To listen to Drew's full interview with Kristian, click the link below.
Forcing turnovers: Turnovers are emphasized in nearly every NFL meeting room each week, and the Saints have just one forced turnover in their first three games. Safety Jairus Byrd forced a fumble of Julio Jones in week one…since then--zero, zilch, nothing. And, for the most part not even an almost or close sniff at another. Saints head coach Sean Payton says the team will continue to focus on forcing more, “You have (practice) periods where it’s the emphasis of the period…in individuals, you name it and you can think of 10 or 11 different ways to secure the football and make sure it’s secured offensively. And, then defensively you set up tip drills, balls on the ground, strip drills and then reinforce it throughout every snap in practice.” Cowboys Quarterback Tony Romo is a gunslinger and the Saints will have a chance to get their hands on the football.
Ryan’s take: Rob Ryan’s defense has come under a lot of scrutiny after getting shredded in week 1 against Atlanta…then some busted coverages in the week 2 loss to the Browns. Ryan decided to simplify things and it seems the players are responding. “I think we do a better job when we have less checks,” said Ryan. “Sometimes we did fine, but it was all about the system. Here it is all about the players. It’s not a check balance…this is the way it is. I think I was hired and came into something special here. I am not going to screw it up. I am going to work hard and make sure we get it right,” continued a determined Ryan. As for the lack of turnovers Ryan had pretty sharp words, “We keep emphasizing it and all of that, but that’s lip service; we need to start getting turnovers and it needs to start happening this week.”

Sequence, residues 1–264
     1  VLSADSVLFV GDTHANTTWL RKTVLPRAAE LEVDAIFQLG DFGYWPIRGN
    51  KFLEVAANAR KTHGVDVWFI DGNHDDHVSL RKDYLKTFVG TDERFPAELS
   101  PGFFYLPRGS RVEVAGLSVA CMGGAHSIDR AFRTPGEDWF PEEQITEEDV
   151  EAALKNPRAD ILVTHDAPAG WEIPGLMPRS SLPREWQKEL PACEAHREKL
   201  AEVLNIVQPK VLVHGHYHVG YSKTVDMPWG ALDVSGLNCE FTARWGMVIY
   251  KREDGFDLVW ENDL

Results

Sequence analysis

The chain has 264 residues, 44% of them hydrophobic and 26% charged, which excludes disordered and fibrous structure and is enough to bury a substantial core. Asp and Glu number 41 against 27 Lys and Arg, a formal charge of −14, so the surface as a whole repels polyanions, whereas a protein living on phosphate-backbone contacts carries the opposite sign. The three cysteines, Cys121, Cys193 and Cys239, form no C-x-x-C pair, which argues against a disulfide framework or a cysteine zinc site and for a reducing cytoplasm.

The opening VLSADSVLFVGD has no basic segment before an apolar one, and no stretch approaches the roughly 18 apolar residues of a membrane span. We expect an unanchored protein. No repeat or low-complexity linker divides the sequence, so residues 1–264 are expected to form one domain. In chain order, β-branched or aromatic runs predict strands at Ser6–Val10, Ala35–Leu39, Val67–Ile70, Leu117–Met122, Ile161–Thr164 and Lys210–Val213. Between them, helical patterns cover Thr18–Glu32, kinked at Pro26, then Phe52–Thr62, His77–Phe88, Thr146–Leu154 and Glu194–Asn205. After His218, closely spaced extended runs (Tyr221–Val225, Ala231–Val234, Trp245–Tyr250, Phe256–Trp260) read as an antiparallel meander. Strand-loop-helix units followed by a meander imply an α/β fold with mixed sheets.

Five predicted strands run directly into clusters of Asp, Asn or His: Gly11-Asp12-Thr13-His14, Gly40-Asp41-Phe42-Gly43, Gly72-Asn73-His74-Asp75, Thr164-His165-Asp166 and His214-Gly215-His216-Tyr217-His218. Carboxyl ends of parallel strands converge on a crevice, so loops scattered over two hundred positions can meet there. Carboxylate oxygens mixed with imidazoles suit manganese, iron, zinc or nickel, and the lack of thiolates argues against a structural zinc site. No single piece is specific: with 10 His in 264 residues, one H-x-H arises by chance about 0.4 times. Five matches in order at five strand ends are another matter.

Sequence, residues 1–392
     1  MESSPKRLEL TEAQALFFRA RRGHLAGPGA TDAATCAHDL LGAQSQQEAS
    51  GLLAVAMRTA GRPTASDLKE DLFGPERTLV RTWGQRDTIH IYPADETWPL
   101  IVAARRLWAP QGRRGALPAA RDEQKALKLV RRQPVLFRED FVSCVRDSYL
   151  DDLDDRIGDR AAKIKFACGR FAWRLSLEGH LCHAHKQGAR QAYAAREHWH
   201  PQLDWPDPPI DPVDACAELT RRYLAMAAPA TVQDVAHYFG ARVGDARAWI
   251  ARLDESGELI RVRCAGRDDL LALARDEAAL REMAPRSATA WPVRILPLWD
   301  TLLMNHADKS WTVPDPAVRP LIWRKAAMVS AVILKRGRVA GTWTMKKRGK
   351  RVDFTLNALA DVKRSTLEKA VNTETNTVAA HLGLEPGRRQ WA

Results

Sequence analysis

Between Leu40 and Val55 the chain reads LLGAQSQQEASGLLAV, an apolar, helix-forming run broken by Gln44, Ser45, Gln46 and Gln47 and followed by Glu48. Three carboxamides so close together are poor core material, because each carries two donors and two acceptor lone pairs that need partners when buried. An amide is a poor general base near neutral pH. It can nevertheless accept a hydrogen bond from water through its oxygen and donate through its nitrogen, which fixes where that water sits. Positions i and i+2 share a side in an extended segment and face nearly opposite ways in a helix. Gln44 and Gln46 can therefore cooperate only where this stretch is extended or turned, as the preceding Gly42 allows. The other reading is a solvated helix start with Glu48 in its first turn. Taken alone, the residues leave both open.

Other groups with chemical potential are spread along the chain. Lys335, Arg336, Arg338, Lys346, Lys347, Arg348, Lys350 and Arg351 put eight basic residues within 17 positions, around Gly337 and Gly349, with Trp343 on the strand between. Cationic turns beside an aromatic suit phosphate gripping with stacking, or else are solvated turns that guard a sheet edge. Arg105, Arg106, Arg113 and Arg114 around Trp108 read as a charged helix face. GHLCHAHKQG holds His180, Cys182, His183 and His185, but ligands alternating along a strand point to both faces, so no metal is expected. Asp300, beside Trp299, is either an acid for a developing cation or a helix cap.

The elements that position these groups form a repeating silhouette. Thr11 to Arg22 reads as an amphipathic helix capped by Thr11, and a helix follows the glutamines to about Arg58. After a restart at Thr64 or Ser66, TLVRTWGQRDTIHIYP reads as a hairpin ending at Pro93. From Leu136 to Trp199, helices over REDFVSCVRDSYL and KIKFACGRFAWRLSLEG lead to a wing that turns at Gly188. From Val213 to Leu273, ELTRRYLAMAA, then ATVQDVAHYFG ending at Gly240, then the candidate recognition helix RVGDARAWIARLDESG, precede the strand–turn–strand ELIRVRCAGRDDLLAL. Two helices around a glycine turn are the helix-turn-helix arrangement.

Injury report: Three players have been ruled out for Sunday night’s game against the Dallas Cowboys RB Mark Ingram (hand); FB Erik Lorig (ankle) and S Marcus Ball (hamstring). TE Benjamin Watson (groin); C Jonathan Goodwin (ankle) LB David Hawthorne (knee/ankle) were all limited in practice today and are listed as questionable for this week. DB Patrick Robinson (hamstring) did not practice and is also listed as questionable.
Race to improve: Saints head coach Sean Payton used that phrase countless times during his nearly nine seasons in New Orleans. Payton is talking about week to week improvement as the team tries to stack up enough wins to qualify for the post season. The Saints put together two solid back to back weeks of work getting ready for the Cowboys Sunday. “Our players understand the importance of this game. The preparation is ongoing. I think the balance they (Dallas) have offensively…and I think collectively defensively they’ve done things that are different than years past. You see some scheme changes and a lot of new faces playing some positions,” Payton explained.
Fullback love: The Saints have enjoyed really good early success in the running game averaging 140.3 yards per game on the ground, good for sixth best in the NFL. Fullback Austin Johnson has been a big part of their success. “One of the things he provides is the versatility in the kicking game, and so when the game is over, you’re not just looking at snaps of fullback offense when he’s in. You’re also looking at the special teams snaps he’s playing. When you have offensive players, who can contribute in the special teams core, that’s a plus,” said Payton. Sixth best in the NFL has been the magic number in terms for rushing the football under Payton. In 2009, the Saints were sixth in the league, and finished with a Super Bowl win. And, in 2011 the Saints finished sixth in the NFL in rushing average and also went deep into the play offs.